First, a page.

Mg Kα3 and Mg Kα4 X-ray satellites are respectively 8.4 and 10.1 eV lower in binding energy compared to Mg Kα1,2. Collectively, they generate a peak with approximately 12% of the intensity of the Mg Kα1,2 peak. However, this magnitude of splitting means that Mg Kα3,4 satellites from many 2p1/2 lines overlay with 2p3/2 lines. For instance, the Mn 2p splitting is 11.7 eV which is low enough to place the Mg Kα3,4 satellites from the Mn 2p1/2 line under the Mn 2p3/2 peak envelope.
To address these problems, Kratos’ Ag monochromatic X-ray anode can be used to record the spectra. Monochromated Ag Lα X-rays are generated at 2984.2 eV using this source. Figure 3 shows the Ag 3d5/2 line recorded using Al and Ag X-rays. Figures 4 and 5 show the Co 2p and Mn 2p spectra recorded using the Ag monochromatic X-ray source.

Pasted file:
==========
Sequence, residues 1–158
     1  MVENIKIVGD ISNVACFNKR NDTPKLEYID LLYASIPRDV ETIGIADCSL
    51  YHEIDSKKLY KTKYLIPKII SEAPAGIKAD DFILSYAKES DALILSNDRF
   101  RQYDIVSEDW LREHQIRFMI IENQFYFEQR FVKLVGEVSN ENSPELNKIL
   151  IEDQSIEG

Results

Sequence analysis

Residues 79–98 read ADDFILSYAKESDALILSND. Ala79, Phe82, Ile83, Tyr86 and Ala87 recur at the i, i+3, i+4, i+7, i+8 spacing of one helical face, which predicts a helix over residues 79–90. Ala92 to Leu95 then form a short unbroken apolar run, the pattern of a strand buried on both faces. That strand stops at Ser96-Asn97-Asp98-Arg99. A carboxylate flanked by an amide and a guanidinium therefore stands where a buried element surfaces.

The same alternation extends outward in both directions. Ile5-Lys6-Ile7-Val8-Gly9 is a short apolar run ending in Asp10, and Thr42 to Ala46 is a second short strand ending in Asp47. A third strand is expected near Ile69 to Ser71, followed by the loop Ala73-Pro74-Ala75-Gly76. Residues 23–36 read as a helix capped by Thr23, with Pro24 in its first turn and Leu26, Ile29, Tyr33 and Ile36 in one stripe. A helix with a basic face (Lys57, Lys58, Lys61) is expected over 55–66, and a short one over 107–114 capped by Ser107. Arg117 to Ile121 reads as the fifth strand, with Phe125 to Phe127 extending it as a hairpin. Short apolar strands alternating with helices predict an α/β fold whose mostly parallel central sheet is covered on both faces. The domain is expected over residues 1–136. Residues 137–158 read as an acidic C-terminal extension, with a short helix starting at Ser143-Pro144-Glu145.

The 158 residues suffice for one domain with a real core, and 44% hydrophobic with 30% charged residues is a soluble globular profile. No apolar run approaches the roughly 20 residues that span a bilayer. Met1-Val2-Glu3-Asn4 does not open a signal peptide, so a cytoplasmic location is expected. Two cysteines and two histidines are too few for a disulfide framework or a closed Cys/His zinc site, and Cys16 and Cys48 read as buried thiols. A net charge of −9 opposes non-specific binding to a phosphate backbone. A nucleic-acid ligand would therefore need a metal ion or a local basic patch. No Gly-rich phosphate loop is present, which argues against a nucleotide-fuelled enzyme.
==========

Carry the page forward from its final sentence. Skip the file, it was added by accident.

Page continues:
Figure 3. Comparison of the Ag 3d3/2 spectrum recorded using the Al (left) and Ag (right) monochromatic X-ray source.
Figure 4. Co 2p Spectrum recorded using the Ag monochromatic X-ray source.
Due to the displacement of Auger lines, these spectra are considerably less complex when excited by Ag Lα X-rays. This is shown by direct side by side comparison of the Mn 2p spectra recorded with Al and Ag monochromatic sources (Figure 6), but without the introduction of X-ray satellites. The removal of Auger lines results in easily interpretable spectra.
Figure 5. Mn 2p Spectrum recorded using the Ag monochromatic X-ray source.
Figure 6. Comparison of the Mn 2p Spectrum recorded using the Al (left) and Ag (right) monochromatic X-ray source.
The Mn 2p spectrum now clearly contains a single chemical component with a Mn 2p3/2 peak position of 641.0 eV – a characteristic of MnO with Mn in the +2 oxidation state. Analysis of the Ag mono excited Co 2p spectrum also shows the presence of a single Co chemical component with a Co 2p3/2 peak position of 780.5 eV – a characteristic of CoO with Co also in the +2 oxidation state.